About 30 people gathered to rally outside Tauranga's Oranga Tamariki office to protest "illegal uplifts" of abused children into state care.

The protesters set up directly across the road from the Oranga Tamariki office on Grey St this afternoon, carrying black signs with "illegal uplifts" and "hands off our tamariki" painted on in blood-red paint.

The smell of a sausage sizzle wafting through the air was cut through by the sound of people in passing cars beeping their horns and motorcyclists revving their engines in support.

Those gathered used a loudspeaker to call for Oranga Tamariki staff to come out of the office and address the protesters.

Protesters outside Oranga Tamariki this afternoon. Photo / George Novak
Protesters outside Oranga Tamariki this afternoon. Photo / George Novak

The protest was one of many taking place around New Zealand organised by associates of Hands off Our Tamariki, a group protesting Oranga Tamariki's uplift policy and process.

The 1pm rally occurred at the same time as a larger-scale protest on the steps outside Parliament.

According to Oranga Tamariki statistics, in the Bay of Plenty region, 237 children and 37 unborn children or babies had been taken into state care during the year ended June 30, 2018.

The region had the second-highest amount of uplifts in the country, coming in behind the East Coast which had 289 children and 48 unborn children or babies uplifted in the same period.

Tauranga resident and protester Frances Woods said the nation-wide protest was overdue.

"This should have happened a long time ago. We're hoping it will bring more light to the issue."

Signs put up by the protesters. Photo / George Novak
Signs put up by the protesters. Photo / George Novak

While there were instances where a child needed to be taken into state care, Woods said Oranga Tamariki needed to support families and aim to solve any issues rather than removing children in the first instance.

She called for stringent background checks into carers to be carried out.


"There is a shocking number of children who have been hurt or killed while in state care who didn't need to be removed in the first place."

She was also critical of the way uplifts took place, especially when police were involved.

"You're teaching children to grow up and be scared of the police."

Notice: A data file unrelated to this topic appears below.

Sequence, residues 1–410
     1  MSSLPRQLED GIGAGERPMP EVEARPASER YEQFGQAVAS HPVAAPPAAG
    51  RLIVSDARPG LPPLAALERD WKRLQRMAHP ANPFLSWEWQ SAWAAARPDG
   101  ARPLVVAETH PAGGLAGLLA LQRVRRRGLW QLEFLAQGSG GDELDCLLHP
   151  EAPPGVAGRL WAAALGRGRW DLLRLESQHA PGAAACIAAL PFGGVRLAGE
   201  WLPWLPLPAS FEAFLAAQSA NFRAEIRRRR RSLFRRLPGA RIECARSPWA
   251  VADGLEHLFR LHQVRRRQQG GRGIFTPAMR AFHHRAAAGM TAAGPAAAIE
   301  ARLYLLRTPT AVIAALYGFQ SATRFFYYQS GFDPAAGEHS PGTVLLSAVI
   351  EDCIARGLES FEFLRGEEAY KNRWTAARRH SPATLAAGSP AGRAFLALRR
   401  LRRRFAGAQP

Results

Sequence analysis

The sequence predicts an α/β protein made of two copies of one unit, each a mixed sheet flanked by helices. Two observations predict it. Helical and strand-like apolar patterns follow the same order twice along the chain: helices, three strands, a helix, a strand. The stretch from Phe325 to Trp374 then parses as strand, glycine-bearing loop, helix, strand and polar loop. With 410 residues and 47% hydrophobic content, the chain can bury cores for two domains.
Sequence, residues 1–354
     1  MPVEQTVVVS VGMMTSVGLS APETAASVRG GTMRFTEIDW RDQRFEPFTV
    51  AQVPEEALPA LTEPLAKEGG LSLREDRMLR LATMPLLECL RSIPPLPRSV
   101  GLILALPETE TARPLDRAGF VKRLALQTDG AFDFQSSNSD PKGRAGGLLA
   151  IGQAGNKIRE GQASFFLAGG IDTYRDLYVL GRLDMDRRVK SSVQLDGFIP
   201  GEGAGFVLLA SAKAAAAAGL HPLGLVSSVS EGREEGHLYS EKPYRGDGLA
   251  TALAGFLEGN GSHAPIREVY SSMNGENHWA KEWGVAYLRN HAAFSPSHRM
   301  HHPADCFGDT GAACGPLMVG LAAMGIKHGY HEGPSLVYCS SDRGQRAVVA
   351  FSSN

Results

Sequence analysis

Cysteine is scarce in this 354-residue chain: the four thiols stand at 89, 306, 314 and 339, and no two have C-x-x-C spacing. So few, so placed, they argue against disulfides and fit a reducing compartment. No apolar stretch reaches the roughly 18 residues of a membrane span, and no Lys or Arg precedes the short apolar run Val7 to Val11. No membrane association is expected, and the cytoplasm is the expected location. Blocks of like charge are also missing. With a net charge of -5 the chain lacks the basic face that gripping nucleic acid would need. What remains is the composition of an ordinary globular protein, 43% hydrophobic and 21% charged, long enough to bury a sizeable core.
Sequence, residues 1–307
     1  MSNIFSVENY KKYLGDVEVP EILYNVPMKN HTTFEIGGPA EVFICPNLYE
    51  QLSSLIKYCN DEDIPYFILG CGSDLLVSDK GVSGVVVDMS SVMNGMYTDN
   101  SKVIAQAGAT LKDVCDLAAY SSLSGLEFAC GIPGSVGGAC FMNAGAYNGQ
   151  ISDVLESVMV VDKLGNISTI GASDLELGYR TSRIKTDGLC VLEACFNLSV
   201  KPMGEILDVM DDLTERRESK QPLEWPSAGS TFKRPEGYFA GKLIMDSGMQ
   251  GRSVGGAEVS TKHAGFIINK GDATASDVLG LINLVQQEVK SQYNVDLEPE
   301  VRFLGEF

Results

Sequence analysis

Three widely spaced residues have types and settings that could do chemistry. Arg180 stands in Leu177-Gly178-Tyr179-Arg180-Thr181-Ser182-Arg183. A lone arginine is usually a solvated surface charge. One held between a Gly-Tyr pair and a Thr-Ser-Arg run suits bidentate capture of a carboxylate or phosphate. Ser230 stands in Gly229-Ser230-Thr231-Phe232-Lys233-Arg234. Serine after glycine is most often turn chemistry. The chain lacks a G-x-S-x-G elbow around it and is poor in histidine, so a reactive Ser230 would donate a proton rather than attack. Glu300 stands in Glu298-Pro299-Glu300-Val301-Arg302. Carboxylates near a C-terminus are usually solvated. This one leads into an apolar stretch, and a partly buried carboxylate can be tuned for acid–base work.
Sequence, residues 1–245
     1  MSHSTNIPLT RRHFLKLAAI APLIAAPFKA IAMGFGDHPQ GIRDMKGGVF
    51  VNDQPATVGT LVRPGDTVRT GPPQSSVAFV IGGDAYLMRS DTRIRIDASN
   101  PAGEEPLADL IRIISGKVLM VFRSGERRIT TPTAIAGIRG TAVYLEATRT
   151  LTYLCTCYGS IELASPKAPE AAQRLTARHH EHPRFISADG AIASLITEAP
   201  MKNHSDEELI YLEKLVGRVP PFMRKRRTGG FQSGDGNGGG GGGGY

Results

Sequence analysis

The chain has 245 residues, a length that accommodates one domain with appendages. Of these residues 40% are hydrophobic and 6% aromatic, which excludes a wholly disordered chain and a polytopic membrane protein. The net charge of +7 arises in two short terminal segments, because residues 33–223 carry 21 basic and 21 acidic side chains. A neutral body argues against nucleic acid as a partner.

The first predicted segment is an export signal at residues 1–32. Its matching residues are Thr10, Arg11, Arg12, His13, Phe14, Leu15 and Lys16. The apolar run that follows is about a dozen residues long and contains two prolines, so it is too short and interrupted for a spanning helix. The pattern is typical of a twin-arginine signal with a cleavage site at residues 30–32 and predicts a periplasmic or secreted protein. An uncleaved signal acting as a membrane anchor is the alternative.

Protest co-organiser Angela Bowerman said the Government was turning a blind eye to the issues that were raised and complaints around Oranga Tamariki's process were met with a "brick wall" response from the agency.

A protester holding a sign at the rally outside the Oranga Tamariki office on Grey St. Photo / George Novak
A protester holding a sign at the rally outside the Oranga Tamariki office on Grey St. Photo / George Novak

She said she knew of children who had been uplifted without sufficient evidence of abuse or neglect and said Oranga Tamariki workers were desensitised to how traumatic an uplift could be for the child and their family.

Bowerman said Oranga Tamariki was not held accountable for when a child in care was hurt and this must change.


"You think if a child is taken into care they will be taken care of."

Ngāi Te Rangi iwi chief executive Paora Stanley called for collaboration and free information sharing between iwi and the Government.

This was with the aim that iwi were made aware of troubled households and children, and would be able to intervene and prevent child neglect and subsequent uplifts.

"Our children are being abused by us and we need to have information on that."

He said there were more uplifts that involved conflict than those that took place amicably and Oranga Tamariki did not try hard enough to locate extended family members who could care for the child to prevent uplifting.

A response to the protesters and Paora Stanley's comments were sought from Oranga Tamariki but the agency was not able to provide a comprehensive response before publication.


Oranga Tamariki chief executive Gráinne Moss said in a written statement the agency acknowledged the rallies and people had every right to protest.

"We all want the same thing in the end, and that's for children and young people to be safe and loved," she said.

In a document on its website regarding babies and children entering Oranga Tamariki care, the agency said: "We know that bringing a child into our care can be traumatic for the child and their whānau.

"It is not a decision we take lightly, and there are, quite rightly, a strong set of checks and balances in the process to ensure that the right decision is made."

The document said Oranga Tamariki worked hard to assess and verify concerns for a child's safety and sought to involve the child's safety in the decision.

In some instances, fast action needed to be taken to ensure the safety of a child and in this situation, conflict may arise during an uplift.